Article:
What are the most common misconceptions about SMS?
There are a few major misconceptions about SMS:
SMS is just a new "buzzword" to replace "system safety." To the contrary, SMS applies system safety concepts and adds formal system safety management concepts. Most safety research has shown that major accidents are not simply the result of one individual’s behavior or actions. Major accidents typically have organizational antecedents with multiple causes involving people operating across many levels or functions in an organization. It follows that predicting and preventing major accidents requires addressing the root causes based in organizational practices, management systems, and culture. SMS brings these elements into the system safety approach.
SMS requires a separate safety department. While rail transit agencies and larger bus agencies will have specialist safety personnel such as a Director of Safety, safety and quality auditors and analysts, investigators, etc., an SMS is a set of management practices rather than a requirement for an additional organizational "layer" or "stovepipe." SMS focuses on functional expectations by operational departments; therefore resource allocation should be appropriate for the size of the organization.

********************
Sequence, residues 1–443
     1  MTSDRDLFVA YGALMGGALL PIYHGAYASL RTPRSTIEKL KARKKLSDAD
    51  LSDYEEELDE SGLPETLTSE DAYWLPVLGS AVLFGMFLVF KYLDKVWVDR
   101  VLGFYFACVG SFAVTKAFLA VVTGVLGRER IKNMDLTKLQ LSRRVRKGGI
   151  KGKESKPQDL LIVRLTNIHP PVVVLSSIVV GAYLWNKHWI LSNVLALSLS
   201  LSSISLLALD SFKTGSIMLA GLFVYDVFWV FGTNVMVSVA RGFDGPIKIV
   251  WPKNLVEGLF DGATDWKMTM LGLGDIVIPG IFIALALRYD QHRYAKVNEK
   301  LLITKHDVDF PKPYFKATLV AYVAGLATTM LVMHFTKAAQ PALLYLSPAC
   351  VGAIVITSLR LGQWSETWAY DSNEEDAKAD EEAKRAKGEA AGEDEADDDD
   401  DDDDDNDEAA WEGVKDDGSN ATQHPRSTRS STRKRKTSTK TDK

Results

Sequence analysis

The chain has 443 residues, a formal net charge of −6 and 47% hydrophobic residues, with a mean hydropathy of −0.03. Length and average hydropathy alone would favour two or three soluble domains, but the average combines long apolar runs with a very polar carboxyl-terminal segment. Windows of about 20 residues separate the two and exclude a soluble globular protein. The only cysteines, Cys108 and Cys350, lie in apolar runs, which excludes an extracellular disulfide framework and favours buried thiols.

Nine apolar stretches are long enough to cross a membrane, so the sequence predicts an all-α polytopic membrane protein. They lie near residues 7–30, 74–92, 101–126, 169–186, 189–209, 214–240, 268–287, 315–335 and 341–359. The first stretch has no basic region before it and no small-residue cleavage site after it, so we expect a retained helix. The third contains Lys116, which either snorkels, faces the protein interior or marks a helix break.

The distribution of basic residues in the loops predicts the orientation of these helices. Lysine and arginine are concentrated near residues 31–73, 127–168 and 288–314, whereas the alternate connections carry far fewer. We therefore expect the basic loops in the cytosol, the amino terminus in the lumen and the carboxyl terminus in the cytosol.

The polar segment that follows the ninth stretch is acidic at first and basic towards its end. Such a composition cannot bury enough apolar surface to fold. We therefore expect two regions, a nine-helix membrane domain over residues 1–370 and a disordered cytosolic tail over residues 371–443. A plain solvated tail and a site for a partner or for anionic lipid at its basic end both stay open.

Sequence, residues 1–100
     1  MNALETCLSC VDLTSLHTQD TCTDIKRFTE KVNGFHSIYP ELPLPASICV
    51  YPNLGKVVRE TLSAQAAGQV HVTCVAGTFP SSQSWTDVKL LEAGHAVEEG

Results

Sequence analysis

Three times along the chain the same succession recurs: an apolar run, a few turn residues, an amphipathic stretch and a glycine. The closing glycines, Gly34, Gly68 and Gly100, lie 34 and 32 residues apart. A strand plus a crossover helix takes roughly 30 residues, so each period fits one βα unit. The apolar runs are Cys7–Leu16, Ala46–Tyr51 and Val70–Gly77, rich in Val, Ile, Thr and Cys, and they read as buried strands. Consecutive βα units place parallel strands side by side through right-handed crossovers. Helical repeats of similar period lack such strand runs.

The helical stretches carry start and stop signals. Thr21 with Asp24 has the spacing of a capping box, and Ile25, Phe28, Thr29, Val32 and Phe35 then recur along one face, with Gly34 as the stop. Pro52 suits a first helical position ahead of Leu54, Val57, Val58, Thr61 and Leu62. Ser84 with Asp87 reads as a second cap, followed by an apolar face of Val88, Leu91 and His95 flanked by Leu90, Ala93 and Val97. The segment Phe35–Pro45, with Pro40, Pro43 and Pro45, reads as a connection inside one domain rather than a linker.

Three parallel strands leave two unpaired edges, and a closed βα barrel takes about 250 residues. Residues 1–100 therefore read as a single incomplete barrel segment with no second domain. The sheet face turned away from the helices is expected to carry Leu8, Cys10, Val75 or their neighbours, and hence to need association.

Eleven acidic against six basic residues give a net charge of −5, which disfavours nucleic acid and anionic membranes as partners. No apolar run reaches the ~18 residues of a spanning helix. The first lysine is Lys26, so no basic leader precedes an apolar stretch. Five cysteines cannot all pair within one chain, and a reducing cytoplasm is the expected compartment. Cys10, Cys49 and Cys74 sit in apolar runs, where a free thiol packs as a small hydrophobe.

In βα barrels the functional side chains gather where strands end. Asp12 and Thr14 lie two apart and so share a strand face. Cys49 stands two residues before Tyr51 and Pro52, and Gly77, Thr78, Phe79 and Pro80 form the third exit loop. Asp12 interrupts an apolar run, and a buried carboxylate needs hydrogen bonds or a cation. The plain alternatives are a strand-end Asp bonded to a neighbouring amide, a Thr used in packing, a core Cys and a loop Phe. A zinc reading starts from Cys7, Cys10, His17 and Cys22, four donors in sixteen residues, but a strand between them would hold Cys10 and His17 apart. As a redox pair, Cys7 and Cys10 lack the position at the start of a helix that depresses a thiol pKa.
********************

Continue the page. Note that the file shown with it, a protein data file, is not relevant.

SMS requires Voluntary Employee Reporting to follow specific rules and guidelines. Voluntary employee reporting programs are a major element of SMS, but no specific program is mandated. Each public transportation agency will be able to determine how best to involve employees and obtain voluntary safety reports from employees.
SMS is a costly regulation that will hurt the transit agency’s financial performance. To the contrary, SMS can help transit agencies improve their bottom line. The hazards that put our people at risk are the same hazards that disrupt transit operations. Research has shown that improved information sharing regarding potential safety concerns in operations and maintenance will result in the design of more targeted solutions to all sorts of problems saving time and resources. For example, as a result of access to a shared information management system and jointly attended monthly safety committee meetings, vehicle maintainers and track inspectors work together to identify and resolve wheel-rail interface problems enhancing both ride quality and maintenance efficiency.